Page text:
Saturday, January 8, 2011

Storytelling As A Path To Peace

I felt emotionally drained and vulnerable after I had written and posted my last blog.

I had publicly acknowledged parts of myself that seemed risky to make known. And, I wasn’t exactly sure I liked what I had done.

I had publicly confessed to traveling back and forth between two worlds; the physical and the spiritual. Not just on an occasional Sunday visitation or as a focus of my High Holidays.

I had put myself out on a limb. And, I was not quite certain how I liked that bare nakedness in public.

Once said (or in this case posted) I could not take it back. However, somehow, I did not experience myself, by virtue of this proclamation, as letting go of any one of the thousand masks I wear that are me.

I think the many months I have spent writing this blog, coupled with a multitude of behind-the-scenes conversations that ensued, regarding both the content and process of what I had put forth, has brought me to a point of public authenticity that I had lost by being blind.…

Perhaps I never had possessed this level of sincerity before at all. I had only imagined that I had.

Maybe I have made a choice by committing myself to doing this blog, far bolder that I had anticipated.

Strange, isn’t it to be a strong proponent of storytelling as a path to peace, and then find oneself caught up short in the process of storytelling?

One of my daughters, Lorrie -- (one of the half-dozen or so honorary kids I have) -- still loves for me to tell her stories though she is a grown adult woman – and – a mother herself. She even enjoys my reading her fairy tales from time to time. (I like it too when we do that.)

Up here in the mountains where I live (at the retreat center that is one major work in progress) my happiest times are storytelling times.

How is that the same or different than the storytelling I am doing on this blog?

Or, the storytelling we do in our primary Small “Zones of Peace” Conversations format?

I am not certain.

As I contemplate these questions, I am challengingly asking myself, How can I find the means here to tell the most important stories I have to offer as lessons in peace-building?

The stories that I have been struggling to write for posting here? Particularly the stories that prompted my writing this blog in the first place I have been struggling for months to tell these stories.

And, they still do not get told. I speak around them. But I never get to them.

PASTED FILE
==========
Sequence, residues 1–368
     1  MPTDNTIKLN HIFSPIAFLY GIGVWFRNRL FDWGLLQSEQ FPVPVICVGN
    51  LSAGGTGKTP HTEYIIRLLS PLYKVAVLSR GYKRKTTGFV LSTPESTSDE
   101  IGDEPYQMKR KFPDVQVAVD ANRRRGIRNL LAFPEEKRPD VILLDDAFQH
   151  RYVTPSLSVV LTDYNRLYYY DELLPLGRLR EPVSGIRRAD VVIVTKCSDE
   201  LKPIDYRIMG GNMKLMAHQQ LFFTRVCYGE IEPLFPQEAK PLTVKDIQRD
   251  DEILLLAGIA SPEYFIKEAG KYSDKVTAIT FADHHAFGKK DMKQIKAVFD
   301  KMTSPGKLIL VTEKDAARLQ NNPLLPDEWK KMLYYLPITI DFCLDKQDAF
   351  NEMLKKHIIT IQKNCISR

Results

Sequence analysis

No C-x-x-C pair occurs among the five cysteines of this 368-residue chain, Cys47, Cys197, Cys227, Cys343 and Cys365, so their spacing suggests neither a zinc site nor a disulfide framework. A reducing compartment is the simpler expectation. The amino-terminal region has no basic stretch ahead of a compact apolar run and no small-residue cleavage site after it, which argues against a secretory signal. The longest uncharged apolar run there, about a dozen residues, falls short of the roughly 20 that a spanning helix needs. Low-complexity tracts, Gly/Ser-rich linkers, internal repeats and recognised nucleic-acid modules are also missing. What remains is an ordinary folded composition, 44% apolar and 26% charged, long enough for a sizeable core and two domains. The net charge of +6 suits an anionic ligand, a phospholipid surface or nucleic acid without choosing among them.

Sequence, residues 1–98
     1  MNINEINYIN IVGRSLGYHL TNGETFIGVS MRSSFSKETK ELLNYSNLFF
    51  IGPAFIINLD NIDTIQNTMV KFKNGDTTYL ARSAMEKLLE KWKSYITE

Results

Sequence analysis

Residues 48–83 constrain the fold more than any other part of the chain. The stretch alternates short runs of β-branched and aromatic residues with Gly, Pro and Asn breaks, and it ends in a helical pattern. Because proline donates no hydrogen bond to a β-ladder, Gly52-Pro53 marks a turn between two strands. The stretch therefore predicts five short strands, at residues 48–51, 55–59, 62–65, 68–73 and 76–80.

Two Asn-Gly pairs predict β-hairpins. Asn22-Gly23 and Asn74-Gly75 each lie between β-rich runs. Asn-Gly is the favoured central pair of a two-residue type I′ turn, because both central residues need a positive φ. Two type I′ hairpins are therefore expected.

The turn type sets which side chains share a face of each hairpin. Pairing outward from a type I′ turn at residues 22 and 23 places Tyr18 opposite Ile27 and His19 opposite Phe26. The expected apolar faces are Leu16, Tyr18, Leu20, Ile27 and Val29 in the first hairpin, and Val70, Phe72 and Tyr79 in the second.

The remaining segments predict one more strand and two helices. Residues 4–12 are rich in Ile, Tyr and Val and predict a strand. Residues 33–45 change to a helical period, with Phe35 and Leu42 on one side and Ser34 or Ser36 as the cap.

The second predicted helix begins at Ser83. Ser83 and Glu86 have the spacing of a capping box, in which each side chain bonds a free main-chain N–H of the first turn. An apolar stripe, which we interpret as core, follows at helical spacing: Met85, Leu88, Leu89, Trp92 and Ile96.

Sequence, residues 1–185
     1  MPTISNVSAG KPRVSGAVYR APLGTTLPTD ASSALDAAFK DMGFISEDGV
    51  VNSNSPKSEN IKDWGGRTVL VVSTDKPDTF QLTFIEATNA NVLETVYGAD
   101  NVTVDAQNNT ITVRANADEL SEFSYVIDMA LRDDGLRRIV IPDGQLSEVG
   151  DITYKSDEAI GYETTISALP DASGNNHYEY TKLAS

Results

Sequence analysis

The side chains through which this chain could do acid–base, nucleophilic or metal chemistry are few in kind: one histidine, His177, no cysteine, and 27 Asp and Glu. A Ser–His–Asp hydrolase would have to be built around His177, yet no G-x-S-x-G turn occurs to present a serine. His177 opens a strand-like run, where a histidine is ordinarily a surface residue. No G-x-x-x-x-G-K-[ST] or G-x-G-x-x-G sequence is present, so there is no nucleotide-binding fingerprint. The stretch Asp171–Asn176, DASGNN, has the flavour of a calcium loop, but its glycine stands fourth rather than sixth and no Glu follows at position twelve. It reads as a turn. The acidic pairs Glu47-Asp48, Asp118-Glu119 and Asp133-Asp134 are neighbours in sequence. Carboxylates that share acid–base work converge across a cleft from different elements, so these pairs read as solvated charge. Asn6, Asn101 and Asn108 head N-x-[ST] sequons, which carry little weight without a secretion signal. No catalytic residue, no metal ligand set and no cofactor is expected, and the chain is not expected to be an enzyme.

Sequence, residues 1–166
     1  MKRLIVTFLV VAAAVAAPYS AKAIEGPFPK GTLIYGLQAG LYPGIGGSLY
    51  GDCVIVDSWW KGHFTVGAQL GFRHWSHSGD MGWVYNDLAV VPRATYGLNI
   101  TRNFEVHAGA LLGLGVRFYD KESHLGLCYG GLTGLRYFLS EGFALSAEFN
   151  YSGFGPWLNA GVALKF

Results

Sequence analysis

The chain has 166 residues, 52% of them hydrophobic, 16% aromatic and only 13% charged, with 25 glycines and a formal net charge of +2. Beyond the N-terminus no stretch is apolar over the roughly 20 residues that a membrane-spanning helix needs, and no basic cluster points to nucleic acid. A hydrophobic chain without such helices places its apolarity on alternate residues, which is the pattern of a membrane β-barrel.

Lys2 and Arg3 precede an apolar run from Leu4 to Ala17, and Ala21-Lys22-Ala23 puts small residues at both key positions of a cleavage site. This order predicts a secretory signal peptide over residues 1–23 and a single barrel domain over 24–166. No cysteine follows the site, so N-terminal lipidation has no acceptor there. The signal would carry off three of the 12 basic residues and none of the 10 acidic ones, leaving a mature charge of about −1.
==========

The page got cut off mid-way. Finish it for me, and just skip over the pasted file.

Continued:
Insight:  Maybe storytelling -- at least the way that I know to be profound for me -- the way I can best employ storytelling as a path to peace -- is not a performance that can be informative -- or entertaining -- in a blog kind of way.

Maybe real storytelling -- for me -- is an intimate experience and exchange of real people speaking to one another, face-to-face, in a space that has been made Safe.

It cannot be replicated on the internet. Not now or ever!

So until we are able to meet, person-to-person in real time, I guess I am stuck with my struggling to tell my very important tales -- with their meritorious peace-building lessons; my stories behind – “The Middle East Crisis In My Backyard;” “The Pastors, Two Ministries, One Church and My Experience of Awe;” the two maps to peace that are the bedrock of my life and my work. I do not see any easy alternatives.

Maybe there are none. Nonetheless, limited as the internet is -- what I have discovered for myself by telling my stories here is this:

1. After a bit more than six months writing this blog, I no longer feel like I am doing much wearing of masks – here or elsewhere.

2. I am much less a hermit now than I was when I was blind (and before when I was intent (1988 – 1988) on my almost ceaseless book deadlines) – and – I really do like the way this feels. And, I did come clean about my being a former anti-Semitic, recovering Jewish American Princess and I love the peace within myself and in the world I am experiencing around me because of it; and

3. I have learned a great deal from reminding myself of the words of Dore, the fish in “Finding Nemo,” – “Just keep swimming.”

So I hope my revelations here do not put me in too much hot water.

Storytelling as one of my paths to peace is working for me.

While, perhaps. you are out there are playing it safe?

With the thousand masks you wear? All of which are you.

Could this be true?

Limited as this internet is for real people, building real peace, in real time, I will do my best to keep my committment to "swimming," writing, hiking or whatever.

So far, so good. Storytelling is a path to peace for me.

From Anastasia, the Storyteller
In the mountains on a snowy January day

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